Hamas to return Abbas' seized Gaza house

After reconciliation talks in Gaza between two main Palestinian factions, Hamas agrees to give back Fatah leader's home.

    Following years of bitter rivalry, Fatah and Hamas signed a reconciliation deal in April [EPA]

    Hamas has pledged to return the Gaza residence of Mahmoud Abbas, which its fighters seized in 2007, to the Fatah leader, following reconciliation talks between the two main Palestinian factions on Saturday.

    "We tell our brothers in Fatah that they can take the home of president Abu Mazen," Hamas official Khalil al-Haya said at a joint news conference with Fatah's Zakariya al-Agha, using the name by which Abbas is locally known.

    But Diab al-Louh, a Fatah official in Gaza, told official Palestinian news agency WAFA that Hamas insisted on maintaining its own guard on the premises.

    "Hamas in Gaza informed the Fatah leadership after a meeting in Gaza that they can receive president Mahmoud Abbas's house, while keeping security personnel deployed by Hamas outside the house under the pretext of protecting the house as it is personal property," he said.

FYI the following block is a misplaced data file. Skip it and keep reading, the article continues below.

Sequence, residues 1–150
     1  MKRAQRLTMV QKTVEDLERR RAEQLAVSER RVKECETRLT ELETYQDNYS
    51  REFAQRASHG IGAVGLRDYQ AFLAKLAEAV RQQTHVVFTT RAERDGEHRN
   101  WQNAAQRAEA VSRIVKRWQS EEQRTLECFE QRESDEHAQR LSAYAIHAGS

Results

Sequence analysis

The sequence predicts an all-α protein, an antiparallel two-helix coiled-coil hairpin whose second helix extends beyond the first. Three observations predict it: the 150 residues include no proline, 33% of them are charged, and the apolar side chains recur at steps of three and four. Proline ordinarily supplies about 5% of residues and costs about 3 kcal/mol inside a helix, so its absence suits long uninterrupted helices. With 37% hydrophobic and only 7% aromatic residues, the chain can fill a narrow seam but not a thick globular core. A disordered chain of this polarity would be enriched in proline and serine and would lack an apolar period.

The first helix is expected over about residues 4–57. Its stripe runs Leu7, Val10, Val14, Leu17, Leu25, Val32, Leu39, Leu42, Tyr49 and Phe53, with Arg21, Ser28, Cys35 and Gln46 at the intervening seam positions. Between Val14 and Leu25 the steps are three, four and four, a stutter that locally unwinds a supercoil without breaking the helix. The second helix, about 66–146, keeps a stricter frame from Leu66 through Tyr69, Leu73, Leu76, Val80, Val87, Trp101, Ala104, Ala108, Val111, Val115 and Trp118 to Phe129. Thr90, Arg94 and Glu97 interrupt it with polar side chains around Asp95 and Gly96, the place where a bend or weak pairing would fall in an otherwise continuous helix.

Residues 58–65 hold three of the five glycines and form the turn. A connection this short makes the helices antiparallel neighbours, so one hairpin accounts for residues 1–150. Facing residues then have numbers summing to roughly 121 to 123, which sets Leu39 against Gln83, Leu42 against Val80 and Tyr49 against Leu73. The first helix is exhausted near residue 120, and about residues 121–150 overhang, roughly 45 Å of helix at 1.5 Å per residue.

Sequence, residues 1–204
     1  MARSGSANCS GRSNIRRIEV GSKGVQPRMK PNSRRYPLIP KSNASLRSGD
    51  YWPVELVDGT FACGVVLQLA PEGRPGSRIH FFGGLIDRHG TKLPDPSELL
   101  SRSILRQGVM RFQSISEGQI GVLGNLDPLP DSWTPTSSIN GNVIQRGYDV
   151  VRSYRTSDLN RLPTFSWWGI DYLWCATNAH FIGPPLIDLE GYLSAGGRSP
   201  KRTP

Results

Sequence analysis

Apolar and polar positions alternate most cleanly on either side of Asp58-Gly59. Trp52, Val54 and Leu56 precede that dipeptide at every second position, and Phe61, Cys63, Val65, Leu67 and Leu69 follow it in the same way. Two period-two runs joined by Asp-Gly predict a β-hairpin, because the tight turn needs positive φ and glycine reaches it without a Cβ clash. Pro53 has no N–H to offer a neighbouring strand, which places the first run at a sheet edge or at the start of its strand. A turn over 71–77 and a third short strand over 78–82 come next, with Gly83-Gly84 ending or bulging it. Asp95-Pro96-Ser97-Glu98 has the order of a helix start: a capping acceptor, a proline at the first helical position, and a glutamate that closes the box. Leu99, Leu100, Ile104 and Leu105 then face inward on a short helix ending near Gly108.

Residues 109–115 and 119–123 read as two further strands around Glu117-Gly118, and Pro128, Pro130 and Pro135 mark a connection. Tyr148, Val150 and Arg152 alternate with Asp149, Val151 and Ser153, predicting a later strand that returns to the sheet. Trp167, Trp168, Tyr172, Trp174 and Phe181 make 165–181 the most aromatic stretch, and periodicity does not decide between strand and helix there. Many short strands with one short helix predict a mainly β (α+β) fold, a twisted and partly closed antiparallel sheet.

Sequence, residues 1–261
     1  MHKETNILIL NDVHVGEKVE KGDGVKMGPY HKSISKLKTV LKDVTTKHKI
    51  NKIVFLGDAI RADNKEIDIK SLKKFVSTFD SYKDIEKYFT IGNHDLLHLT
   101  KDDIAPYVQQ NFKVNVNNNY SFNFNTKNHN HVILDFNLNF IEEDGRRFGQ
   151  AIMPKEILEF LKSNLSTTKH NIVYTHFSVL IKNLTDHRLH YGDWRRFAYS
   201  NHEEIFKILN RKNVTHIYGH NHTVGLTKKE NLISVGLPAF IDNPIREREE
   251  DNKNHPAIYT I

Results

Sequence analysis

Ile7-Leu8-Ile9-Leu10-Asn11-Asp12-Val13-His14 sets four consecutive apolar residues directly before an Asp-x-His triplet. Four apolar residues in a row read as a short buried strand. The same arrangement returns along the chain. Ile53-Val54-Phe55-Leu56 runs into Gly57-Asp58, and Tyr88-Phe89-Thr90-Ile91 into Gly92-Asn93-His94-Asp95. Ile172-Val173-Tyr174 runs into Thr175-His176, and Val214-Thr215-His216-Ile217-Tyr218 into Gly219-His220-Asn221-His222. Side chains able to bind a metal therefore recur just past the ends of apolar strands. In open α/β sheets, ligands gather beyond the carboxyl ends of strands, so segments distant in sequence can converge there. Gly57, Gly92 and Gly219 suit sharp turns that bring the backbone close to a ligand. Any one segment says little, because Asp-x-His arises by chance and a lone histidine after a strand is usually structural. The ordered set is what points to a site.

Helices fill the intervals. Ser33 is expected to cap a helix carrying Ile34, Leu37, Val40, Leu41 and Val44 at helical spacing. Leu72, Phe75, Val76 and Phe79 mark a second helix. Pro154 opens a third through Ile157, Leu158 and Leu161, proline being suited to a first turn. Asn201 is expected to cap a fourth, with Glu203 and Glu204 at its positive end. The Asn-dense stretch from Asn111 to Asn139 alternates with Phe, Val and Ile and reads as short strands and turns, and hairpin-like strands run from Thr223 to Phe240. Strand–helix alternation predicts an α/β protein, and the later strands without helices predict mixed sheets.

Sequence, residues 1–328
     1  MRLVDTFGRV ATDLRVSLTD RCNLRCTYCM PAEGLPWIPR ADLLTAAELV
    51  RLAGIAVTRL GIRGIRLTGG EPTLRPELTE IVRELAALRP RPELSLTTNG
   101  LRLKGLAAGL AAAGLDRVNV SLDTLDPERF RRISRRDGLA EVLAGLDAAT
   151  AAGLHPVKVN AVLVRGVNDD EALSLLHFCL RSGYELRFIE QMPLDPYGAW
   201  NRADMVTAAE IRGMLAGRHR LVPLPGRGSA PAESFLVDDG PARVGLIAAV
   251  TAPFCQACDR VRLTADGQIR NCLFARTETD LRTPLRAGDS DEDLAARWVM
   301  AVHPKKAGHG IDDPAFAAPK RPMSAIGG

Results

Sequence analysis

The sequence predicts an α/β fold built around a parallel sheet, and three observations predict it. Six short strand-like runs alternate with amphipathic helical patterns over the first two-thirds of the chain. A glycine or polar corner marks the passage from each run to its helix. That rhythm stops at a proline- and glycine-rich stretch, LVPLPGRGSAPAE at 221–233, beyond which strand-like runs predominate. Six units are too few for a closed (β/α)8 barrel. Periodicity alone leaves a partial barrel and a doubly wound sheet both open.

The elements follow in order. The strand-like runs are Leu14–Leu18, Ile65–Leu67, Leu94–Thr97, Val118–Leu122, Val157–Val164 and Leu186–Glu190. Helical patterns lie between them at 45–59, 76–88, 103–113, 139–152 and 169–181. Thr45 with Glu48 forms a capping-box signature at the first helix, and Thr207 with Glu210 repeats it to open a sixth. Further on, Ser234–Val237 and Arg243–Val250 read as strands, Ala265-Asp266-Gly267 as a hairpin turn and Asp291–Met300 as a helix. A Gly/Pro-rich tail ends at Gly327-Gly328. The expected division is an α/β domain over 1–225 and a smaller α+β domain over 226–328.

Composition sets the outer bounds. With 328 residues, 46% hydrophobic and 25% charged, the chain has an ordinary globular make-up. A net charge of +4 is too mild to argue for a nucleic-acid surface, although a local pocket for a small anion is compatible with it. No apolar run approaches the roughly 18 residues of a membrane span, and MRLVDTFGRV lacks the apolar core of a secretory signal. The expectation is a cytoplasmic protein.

At the meeting, hosted in his home by Ismail Haniya, the Hamas leader in Gaza, the two sides also agreed to reopen local offices of the Palestinian Electoral Commission as a prelude to new elections.

    Last month, Abbas, president of the Palestinian Authority, met Khaled Meshaal, the Hamas chief, in Cairo.

    The two men decided on a process to pave the way for Hamas to join a reformed Palestine Liberation Organisation and for long-delayed Palestinian elections.

    "It was agreed to reopen the headquarters of the Central Election Commission in the Gaza Strip," a source close to Saturday's meeting in Gaza told the AFP news agency without giving a date.

    Since 2007, when Hamas forcibly seized power in Gaza, routing Fatah forces loyal to Abbas, the Palestinian territories have been politically divided into two, with Fatah largely ruling the West Bank and Hamas governing Gaza.

    In April, following years of bitter rivalry, the two factions signed a reconciliation deal whose implementation has since stalled.

    Last week, a bipartisan "committee of general freedom" agreed on an imminent exchange of political prisoners held by each side.

    SOURCE: Agencies


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